July 24, 2020:
A kid at school had a father who was a dead Marine.
A hero, he'd thrown himself on a live grenade dropped by a trainee at Camp Pendleton, likely saving the lives of many others. This kid wanted to be like him, to a point. He also planned a Marine Corps career, but for a specific, embittered reason. "I just want to kill people," he told me, angrily, with sincerity and juice. I believed him.
He owned a handful of the Avalon Hill games, including Kriegspiel, D-Day, and Panzerblitz. I think the first he invited me to play was Kriegspiel, but it was Panzerblitz which grabbed my attention. We played it frequently, and once I had my own copy it supplemented my increasingly space-consuming military library.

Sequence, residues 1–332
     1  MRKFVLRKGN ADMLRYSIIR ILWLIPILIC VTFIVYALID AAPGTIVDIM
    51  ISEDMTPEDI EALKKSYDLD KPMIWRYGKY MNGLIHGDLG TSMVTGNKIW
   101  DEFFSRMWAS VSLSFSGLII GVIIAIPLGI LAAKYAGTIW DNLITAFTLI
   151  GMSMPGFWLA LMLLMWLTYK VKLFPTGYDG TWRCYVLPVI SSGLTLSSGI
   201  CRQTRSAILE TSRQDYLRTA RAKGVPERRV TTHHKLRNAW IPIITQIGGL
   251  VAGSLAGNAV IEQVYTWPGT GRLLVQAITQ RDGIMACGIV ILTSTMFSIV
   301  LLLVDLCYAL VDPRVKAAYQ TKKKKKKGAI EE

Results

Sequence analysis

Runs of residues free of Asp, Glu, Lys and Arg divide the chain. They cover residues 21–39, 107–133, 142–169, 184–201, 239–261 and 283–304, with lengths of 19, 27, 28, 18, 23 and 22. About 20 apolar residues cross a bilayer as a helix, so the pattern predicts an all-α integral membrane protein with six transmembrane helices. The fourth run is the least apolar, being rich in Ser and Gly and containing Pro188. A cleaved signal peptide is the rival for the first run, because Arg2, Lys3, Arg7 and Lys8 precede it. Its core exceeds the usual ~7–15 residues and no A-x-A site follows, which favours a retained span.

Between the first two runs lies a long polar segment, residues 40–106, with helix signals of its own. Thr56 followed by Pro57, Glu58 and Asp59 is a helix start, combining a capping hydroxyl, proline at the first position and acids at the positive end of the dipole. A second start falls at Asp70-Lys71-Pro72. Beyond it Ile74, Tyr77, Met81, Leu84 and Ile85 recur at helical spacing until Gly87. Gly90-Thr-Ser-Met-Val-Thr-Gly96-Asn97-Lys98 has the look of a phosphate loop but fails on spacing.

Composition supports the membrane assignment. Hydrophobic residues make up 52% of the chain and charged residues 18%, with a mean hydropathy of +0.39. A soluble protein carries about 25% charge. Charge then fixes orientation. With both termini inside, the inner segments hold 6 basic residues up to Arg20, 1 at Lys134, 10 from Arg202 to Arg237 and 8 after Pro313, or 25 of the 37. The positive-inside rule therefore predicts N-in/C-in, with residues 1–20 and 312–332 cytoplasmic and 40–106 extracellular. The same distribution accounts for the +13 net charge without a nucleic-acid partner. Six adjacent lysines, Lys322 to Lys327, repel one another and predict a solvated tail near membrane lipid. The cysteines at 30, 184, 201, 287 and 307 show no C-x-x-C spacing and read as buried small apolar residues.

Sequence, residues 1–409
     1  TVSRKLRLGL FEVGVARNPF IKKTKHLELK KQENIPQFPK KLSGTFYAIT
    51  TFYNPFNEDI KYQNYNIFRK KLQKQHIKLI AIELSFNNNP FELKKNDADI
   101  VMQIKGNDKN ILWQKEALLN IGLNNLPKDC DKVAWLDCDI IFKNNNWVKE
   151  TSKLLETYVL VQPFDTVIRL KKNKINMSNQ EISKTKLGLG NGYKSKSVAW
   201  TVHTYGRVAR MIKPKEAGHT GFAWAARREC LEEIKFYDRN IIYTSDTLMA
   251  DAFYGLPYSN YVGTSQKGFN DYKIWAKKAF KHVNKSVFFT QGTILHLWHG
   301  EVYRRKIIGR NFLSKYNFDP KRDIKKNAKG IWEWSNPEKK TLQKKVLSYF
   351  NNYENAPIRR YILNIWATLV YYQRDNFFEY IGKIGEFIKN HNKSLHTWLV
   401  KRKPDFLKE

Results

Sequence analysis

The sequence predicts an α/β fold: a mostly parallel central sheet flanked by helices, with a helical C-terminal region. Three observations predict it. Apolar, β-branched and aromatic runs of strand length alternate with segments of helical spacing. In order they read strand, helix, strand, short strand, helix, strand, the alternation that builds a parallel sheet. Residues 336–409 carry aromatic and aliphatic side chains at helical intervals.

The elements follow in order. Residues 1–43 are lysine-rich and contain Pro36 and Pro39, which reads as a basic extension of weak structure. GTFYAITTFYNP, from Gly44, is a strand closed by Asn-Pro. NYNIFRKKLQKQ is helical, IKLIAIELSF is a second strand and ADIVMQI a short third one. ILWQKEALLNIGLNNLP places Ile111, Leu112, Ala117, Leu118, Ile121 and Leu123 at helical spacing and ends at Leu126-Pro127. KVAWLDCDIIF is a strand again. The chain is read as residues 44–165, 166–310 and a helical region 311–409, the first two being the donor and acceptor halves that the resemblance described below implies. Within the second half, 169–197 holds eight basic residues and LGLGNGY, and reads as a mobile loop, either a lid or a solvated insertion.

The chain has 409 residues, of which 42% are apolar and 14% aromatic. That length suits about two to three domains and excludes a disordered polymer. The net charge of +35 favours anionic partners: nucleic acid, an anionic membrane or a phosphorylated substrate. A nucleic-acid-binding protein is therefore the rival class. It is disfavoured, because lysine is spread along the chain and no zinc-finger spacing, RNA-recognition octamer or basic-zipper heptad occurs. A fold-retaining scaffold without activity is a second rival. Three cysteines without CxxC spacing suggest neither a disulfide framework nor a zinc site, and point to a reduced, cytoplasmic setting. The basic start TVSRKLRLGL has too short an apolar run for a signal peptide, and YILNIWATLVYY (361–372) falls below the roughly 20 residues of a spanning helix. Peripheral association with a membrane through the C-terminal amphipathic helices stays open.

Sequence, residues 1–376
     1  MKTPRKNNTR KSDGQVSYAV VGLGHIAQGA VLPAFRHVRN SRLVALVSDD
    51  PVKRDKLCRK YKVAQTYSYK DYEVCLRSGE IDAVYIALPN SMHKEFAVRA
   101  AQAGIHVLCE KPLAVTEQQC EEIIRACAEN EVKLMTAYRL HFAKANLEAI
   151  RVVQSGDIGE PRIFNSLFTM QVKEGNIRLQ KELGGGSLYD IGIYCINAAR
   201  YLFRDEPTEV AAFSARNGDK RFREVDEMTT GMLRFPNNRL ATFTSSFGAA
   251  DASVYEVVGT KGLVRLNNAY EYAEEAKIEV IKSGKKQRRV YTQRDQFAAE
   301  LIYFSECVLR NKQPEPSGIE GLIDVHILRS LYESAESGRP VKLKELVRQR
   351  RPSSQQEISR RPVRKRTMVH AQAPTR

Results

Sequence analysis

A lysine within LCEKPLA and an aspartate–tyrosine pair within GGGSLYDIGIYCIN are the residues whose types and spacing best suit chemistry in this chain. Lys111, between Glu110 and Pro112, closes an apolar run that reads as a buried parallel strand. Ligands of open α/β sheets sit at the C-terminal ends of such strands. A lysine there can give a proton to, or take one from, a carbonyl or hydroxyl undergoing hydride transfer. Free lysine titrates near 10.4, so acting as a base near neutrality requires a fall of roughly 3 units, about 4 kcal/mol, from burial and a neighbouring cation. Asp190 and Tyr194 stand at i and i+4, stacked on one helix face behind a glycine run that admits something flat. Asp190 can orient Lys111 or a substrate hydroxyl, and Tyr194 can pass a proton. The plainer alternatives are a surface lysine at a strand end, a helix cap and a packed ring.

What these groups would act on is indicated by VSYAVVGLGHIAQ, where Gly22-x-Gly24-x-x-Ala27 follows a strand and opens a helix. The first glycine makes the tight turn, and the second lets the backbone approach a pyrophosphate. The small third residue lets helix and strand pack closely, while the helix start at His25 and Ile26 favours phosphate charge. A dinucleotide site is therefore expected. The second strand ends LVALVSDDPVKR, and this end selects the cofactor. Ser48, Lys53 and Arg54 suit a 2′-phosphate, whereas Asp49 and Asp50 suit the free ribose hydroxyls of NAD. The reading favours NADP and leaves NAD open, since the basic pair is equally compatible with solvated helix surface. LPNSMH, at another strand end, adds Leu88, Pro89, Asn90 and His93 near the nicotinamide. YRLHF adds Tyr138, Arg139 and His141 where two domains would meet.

I bought certain of the others, including, I remember, 1914. But it was SPI more than Avalon Hill which took me over. I had a lifetime subscription to Strategy and Tactics magazine, with a new game every month; and I bought nearly their entire catalog of standalone titles. As I write this I still have War in Europe, USN, CA and one or two other favorites. The rest met auto-da-fe when more than a decade later I left San Diego for foggier points north.
These activities, like everything which mattered, did not involve school. School was at best irrelevant. School was empty time, a null vortex where clock hands moved without purpose, leading to no accomplishment or growth or fulfillment. Negative time: a space where time which could have been useful was annihilated on contact with the San Diego City Schools.